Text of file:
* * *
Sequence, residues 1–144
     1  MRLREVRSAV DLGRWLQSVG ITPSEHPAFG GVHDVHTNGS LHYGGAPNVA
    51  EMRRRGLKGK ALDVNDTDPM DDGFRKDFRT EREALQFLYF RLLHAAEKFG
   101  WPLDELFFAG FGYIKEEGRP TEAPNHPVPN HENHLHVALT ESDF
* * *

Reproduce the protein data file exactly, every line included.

Sequence, residues 1–144
     1  MRLREVRSAV DLGRWLQSVG ITPSEHPAFG GVHDVHTNGS LHYGGAPNVA
    51  EMRRRGLKGK ALDVNDTDPM DDGFRKDFRT EREALQFLYF RLLHAAEKFG
   101  WPLDELFFAG FGYIKEEGRP TEAPNHPVPN HENHLHVALT ESDF